In particular, there will be an eclipse of the shadow of the Moon, a phenomenon in which the moon passes through the shadow of the Earth, ie the outer part of the shadow of our planet.
During the eclipse, the Moon darkens slightly but not completely as in the normal eclipse. The phenomenon – if the weather allows it – will be visible from most of Europe (and Greece), Africa, Asia and Australia.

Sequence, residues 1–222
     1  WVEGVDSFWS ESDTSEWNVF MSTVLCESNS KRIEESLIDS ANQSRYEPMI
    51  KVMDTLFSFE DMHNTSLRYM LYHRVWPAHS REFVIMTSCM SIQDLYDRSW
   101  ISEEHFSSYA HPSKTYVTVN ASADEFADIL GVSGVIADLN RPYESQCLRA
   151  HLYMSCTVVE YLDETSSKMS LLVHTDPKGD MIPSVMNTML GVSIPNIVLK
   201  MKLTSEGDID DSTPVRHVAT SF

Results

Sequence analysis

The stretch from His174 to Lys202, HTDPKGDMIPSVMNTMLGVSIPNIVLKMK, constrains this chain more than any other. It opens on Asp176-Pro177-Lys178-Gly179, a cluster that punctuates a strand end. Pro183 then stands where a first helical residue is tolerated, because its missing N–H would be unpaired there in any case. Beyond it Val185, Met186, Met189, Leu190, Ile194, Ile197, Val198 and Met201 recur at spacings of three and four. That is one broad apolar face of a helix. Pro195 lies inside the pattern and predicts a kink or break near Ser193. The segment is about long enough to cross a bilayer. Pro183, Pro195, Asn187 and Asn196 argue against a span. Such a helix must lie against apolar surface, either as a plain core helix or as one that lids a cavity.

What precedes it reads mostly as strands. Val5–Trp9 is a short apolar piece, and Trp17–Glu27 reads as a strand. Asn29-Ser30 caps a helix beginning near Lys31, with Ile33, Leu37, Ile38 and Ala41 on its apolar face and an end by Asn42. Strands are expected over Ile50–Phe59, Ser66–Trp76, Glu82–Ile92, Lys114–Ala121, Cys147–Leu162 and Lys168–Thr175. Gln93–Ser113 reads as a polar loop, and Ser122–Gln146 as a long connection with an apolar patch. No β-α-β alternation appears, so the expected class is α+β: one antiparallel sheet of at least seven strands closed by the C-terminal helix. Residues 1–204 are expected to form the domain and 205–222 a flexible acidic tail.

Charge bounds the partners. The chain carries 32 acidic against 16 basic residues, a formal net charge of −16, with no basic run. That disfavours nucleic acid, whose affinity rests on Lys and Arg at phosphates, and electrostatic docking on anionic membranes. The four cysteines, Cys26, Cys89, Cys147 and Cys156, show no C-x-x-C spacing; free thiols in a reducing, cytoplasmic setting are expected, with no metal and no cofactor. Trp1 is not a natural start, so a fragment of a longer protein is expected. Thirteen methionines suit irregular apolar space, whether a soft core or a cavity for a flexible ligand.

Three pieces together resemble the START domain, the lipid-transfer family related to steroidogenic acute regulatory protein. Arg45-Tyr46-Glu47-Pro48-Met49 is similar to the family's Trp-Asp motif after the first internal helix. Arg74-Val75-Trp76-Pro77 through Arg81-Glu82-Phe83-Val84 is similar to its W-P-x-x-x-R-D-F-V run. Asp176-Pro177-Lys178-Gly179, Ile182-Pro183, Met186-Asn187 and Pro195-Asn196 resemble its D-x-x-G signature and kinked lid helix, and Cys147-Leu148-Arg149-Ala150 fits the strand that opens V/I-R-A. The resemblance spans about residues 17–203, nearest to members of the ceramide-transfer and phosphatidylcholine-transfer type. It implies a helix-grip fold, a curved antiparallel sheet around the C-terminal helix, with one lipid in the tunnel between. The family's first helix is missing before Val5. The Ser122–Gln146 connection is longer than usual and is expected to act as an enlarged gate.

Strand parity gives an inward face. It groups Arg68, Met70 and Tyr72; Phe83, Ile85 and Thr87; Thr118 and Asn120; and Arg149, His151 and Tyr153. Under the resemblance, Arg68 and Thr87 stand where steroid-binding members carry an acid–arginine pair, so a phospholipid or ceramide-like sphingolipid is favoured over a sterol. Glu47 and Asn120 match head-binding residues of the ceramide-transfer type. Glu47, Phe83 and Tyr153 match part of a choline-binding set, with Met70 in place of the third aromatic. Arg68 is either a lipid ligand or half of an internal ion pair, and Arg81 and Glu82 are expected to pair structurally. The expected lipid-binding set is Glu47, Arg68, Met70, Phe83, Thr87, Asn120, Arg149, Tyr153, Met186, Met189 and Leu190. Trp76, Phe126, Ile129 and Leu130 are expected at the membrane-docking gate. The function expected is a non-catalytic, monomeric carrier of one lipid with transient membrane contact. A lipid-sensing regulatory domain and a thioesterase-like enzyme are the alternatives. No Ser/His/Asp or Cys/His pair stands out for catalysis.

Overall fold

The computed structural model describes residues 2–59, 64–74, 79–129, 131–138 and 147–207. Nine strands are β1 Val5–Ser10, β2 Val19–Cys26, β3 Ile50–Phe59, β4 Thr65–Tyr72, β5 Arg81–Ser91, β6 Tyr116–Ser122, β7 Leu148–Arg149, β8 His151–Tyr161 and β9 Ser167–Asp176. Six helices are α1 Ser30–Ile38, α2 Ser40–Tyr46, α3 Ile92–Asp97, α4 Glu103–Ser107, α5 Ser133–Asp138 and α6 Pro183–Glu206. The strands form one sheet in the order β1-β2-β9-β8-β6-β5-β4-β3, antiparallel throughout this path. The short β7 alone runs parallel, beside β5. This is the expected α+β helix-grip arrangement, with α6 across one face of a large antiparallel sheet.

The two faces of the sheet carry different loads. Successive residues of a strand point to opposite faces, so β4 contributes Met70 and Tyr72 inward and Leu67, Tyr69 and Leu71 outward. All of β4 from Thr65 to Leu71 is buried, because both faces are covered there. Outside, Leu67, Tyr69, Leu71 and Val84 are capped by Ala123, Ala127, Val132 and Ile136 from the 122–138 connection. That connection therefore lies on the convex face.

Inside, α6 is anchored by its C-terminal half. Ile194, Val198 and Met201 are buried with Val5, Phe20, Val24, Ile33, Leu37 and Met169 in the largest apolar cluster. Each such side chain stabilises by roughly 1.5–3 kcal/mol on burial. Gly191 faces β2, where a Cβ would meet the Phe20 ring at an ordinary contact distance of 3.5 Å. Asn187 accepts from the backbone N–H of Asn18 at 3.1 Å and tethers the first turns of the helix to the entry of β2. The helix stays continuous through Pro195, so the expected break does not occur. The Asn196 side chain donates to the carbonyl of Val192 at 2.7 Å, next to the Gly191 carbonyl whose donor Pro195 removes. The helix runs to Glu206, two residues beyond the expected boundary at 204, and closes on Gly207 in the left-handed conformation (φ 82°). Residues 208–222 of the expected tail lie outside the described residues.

The eclipse will last a total of three hours and 18 minutes. In Athens it will start at 20:45, it will reach its maximum at 22:25 (when more than 50% of the moon will be in the shadow of the Earth) and it will end a few minutes after midnight.
This is the second eclipse this year, as it was preceded on January 10 by a lunar eclipse. This will be followed in 2020 by a ring eclipse of the Sun on June 21, a lunar eclipse on July 5, a fourth lunar eclipse on November 30, and finally a total solar eclipse on December 14.